While regulations still allow VPNs, many also either explicitly recommend ZTNA or allow alternative solutions that implement the required security controls. ZTNA provides all of the same functionality as VPNs but also offers integrated access control. When deployed as part of a SASE solution, ZTNA is an even better fit for regulatory requirements due to its integration with other required security controls and adoption of a least privileges methodology commonly required by regulatory frameworks such as UK NCSC Cyber Essentials and NIST. For organizations looking to achieve and maintain compliance with applicable regulations, making the move to ZTNA as soon as possible will decrease the cost and effort of doing so.

“We’ve Already Invested in Our VPN Infrastructure”

VPNs have been around for a while, so many organizations have existing VPN deployments. When the pandemic drove a move to remote work, the need to deploy remote work solutions as quickly as possible led many organizations to expand their existing VPN infrastructure rather than investigate alternatives. As a result, many organizations have invested in a solution that, to a certain degree, meets their remote work needs. These sunk costs can make ripping out and upgrading VPN infrastructure an unattractive proposition.

However, the differential in functionality between a VPN and a ZTNA solution can far outweigh these costs. ZTNA provides integrated access management, which can reduce the cost of a data breach and simplify an organization’s regulatory compliance strategy. A ZTNA solution that successfully prevents a data breach by blocking unauthorized access to sensitive data may have just paid for itself.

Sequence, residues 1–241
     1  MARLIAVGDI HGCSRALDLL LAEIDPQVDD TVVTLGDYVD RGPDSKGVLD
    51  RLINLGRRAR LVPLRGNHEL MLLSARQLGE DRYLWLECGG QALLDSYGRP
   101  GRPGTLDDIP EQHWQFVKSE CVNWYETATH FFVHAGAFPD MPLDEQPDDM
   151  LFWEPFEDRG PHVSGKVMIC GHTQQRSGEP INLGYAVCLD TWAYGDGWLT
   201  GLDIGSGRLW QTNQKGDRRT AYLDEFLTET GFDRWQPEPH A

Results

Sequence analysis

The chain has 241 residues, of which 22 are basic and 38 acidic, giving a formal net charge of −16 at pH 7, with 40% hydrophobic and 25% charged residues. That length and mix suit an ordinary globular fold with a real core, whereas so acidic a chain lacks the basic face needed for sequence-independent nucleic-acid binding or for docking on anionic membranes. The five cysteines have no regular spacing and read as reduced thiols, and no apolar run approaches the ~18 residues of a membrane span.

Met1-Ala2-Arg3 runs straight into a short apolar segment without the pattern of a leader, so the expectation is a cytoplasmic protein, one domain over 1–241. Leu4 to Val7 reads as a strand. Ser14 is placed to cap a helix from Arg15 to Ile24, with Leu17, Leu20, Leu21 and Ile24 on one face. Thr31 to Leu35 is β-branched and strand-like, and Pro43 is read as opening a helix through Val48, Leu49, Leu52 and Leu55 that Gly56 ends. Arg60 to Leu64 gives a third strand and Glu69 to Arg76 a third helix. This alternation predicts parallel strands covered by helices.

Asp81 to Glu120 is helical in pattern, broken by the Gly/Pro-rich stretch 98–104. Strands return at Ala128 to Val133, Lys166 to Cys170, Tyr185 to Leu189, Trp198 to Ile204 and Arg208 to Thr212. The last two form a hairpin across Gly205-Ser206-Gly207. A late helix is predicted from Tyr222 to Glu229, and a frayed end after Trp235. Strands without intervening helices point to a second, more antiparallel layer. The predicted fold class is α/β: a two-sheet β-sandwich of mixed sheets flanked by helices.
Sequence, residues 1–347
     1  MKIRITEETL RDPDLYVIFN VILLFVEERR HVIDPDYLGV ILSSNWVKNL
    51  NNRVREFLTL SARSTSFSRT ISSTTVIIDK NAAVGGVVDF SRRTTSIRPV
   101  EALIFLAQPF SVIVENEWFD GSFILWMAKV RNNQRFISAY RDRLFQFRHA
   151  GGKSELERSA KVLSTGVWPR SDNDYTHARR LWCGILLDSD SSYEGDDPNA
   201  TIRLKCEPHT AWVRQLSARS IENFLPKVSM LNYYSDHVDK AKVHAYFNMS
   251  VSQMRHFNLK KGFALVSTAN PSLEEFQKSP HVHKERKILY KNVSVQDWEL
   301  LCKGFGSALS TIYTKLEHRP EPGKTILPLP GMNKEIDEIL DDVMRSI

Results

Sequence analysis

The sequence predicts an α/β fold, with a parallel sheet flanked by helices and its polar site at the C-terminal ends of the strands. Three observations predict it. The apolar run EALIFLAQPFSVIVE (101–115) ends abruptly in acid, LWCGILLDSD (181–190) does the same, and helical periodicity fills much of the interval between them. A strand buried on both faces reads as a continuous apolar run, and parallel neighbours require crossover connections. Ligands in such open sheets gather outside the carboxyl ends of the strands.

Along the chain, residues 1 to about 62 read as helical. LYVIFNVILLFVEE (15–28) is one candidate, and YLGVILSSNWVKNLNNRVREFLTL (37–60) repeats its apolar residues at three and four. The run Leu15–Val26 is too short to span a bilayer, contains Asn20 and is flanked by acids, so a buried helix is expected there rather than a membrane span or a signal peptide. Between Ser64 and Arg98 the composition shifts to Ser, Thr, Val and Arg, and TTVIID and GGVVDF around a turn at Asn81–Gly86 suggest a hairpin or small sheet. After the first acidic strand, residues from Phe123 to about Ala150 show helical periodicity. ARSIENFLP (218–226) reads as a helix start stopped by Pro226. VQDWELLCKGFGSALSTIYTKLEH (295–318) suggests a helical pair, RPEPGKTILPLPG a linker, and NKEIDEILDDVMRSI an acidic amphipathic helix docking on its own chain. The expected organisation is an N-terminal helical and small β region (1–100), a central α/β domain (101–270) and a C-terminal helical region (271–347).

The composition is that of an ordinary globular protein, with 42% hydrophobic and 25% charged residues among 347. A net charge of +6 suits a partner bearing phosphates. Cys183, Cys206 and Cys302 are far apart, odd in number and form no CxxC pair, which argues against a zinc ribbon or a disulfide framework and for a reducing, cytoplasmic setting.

“Our Security Team is Already Overwhelmed with Our Existing Solutions”

Many organizations’ security teams are struggling to keep up. The cybersecurity skills gap means that companies are having trouble finding and retaining the skilled personnel that they need, and a sprawling array of security solutions creates overwhelming volumes of alerts and the need to configure, monitor, and manage various standalone solutions. As a result, the thought of deploying, configuring, and learning to use yet another solution may seem less than appealing.

Yet one of the main advantages of ZTNA is that it simplifies security monitoring and management, especially when deployed as part of a SASE solution. By integrating multiple security functions into a single network-level solution, SASE eliminates redundant solutions and enables security monitoring and management to be performed from a single console. By reducing the number of dashboards and alerts that analysts need to handle, SASE reduces the burden on security teams, enabling them to better keep up with an accelerating threat landscape and expanding corporate IT infrastructure.

ZTNA is the Future of Remote Access

Many organizations have solutions that – on paper – provide the features and functionality that they need to support a remote workforce and provide secure access to corporate applications. However, legacy solutions like VPNs lack critical access controls and security features that leave an organization vulnerable to attack.

As the zero trust security model continues to gain momentum and is incorporated into regulations, organizations will need solutions that meet their security needs and regulatory requirements. ZTNA meets these needs, especially as part of a SASE solution.